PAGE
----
January 13, 1791
Dear Sir:—I thank you for the printed papers you have been so obliging as to send.
I cannot forbear a conjecture that the communications of the Chargé des Affaires of France are rather expedients to improve a moment in which it is perceived questions concerning navigation are to be discussed, than the effects of serious instructions from his court.
Be this as it may, I really have not thought of any substitute for your proposition to which objections do not lie. And, in general, I have doubts of the eligibility of ex-parte concessions, liable to be resumed at pleasure. I had rather endeavor, by a new treaty of commerce with France, to extend reciprocal advantages, and fix them on a permanent basis. This would not only be more solid, but it would, perhaps, be less likely, than apparently gratuitous and voluntary exemptions, to beget discontents elsewhere, especially (as ought to be the case) if each party should be at liberty, for equivalent considerations, to grant like privileges to others. My commercial system turns very much on giving a free course to trade, and cultivating good humor with all the world. And I feel a particular reluctance to hazard any thing, in the present state of our affairs, which may lead to a commercial warfare with any Power; which, as far as my knowledge of examples extends, is commonly productive of mutual inconvenience and injury, and of dispositions tending to a worse kind of warfare. Exemptions and preferences which are not the effect of treaty, are apt to be regarded by those who do not partake in them as proofs of an unfriendly temper towards them.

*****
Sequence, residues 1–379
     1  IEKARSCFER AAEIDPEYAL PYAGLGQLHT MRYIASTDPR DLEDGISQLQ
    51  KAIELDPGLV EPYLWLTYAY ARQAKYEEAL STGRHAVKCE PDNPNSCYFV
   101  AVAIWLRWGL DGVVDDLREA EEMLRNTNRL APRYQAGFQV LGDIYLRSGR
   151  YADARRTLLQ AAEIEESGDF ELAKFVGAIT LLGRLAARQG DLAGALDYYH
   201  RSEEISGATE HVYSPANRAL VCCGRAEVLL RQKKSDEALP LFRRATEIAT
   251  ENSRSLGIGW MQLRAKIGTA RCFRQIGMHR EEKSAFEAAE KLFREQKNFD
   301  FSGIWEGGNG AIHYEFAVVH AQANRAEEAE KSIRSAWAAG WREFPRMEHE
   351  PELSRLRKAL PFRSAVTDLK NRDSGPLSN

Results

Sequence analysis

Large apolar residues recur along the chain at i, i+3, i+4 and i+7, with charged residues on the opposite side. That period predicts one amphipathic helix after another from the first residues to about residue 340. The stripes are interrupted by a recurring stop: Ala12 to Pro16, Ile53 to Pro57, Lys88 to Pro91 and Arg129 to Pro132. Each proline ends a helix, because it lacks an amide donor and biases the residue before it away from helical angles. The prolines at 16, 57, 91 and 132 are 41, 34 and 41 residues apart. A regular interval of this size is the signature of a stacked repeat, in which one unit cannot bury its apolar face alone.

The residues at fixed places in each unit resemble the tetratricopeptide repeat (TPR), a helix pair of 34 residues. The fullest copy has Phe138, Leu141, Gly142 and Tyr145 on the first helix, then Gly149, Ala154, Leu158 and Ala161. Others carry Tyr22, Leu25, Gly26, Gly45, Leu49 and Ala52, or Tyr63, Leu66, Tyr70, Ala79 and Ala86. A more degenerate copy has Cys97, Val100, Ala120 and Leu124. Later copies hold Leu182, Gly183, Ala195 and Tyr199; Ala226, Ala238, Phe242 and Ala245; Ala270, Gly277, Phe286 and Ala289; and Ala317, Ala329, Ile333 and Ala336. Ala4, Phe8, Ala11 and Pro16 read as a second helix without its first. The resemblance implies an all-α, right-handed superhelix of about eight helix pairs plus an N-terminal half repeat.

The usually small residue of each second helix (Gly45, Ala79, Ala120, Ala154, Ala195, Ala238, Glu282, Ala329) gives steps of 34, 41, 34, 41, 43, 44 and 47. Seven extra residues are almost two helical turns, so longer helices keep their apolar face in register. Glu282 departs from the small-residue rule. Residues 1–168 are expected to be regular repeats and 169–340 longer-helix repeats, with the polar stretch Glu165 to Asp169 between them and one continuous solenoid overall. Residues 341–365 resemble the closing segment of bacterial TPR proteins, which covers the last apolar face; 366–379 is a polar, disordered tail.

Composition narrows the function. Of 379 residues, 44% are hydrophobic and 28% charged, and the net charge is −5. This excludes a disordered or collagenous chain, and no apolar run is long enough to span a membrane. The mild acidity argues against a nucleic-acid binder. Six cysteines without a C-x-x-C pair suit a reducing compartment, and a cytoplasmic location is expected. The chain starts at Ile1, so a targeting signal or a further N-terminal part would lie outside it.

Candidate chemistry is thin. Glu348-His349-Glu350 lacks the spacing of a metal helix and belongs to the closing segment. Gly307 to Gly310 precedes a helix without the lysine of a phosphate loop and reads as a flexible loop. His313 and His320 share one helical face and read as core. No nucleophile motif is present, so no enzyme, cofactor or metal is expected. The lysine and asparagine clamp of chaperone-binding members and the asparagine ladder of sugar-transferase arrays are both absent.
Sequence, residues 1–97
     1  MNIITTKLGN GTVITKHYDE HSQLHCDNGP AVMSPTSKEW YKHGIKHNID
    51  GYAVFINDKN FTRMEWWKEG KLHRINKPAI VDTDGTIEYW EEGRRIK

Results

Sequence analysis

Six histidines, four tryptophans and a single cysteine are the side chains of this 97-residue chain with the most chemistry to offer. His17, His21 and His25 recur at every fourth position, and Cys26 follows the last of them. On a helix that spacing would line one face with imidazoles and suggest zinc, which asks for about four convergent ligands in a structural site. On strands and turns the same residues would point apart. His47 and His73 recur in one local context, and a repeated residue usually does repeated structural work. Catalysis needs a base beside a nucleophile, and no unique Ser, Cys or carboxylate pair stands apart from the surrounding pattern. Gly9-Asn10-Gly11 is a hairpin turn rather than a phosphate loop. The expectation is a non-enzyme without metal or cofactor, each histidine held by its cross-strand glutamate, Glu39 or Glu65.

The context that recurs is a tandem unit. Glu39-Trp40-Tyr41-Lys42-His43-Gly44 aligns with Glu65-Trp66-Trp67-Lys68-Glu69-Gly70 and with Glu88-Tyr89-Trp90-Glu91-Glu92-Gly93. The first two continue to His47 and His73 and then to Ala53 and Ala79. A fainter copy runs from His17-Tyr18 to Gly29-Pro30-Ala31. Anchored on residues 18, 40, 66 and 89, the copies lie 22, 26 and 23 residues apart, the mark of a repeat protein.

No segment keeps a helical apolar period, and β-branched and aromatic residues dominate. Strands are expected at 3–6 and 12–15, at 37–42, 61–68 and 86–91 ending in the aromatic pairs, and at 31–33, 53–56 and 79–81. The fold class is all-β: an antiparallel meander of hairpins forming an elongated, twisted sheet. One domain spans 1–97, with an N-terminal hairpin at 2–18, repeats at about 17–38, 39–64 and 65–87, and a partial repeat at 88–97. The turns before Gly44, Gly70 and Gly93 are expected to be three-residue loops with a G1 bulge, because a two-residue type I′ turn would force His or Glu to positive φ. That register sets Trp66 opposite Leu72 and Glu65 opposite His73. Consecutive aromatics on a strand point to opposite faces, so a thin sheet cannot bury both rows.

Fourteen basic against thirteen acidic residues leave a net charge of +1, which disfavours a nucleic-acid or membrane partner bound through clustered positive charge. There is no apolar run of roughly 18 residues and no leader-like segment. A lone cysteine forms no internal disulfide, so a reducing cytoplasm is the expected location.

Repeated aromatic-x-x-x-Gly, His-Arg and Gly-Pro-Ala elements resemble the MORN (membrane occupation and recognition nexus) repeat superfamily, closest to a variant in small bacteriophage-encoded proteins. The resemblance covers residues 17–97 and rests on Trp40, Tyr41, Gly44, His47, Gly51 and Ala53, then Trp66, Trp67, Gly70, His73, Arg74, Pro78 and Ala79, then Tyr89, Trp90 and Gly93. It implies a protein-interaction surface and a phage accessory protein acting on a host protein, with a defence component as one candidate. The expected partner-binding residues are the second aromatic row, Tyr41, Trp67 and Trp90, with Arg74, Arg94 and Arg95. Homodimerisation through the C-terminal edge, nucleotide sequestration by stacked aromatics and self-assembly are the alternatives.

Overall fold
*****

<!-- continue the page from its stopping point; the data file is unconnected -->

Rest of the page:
Labels: Works of Alexander Hamilton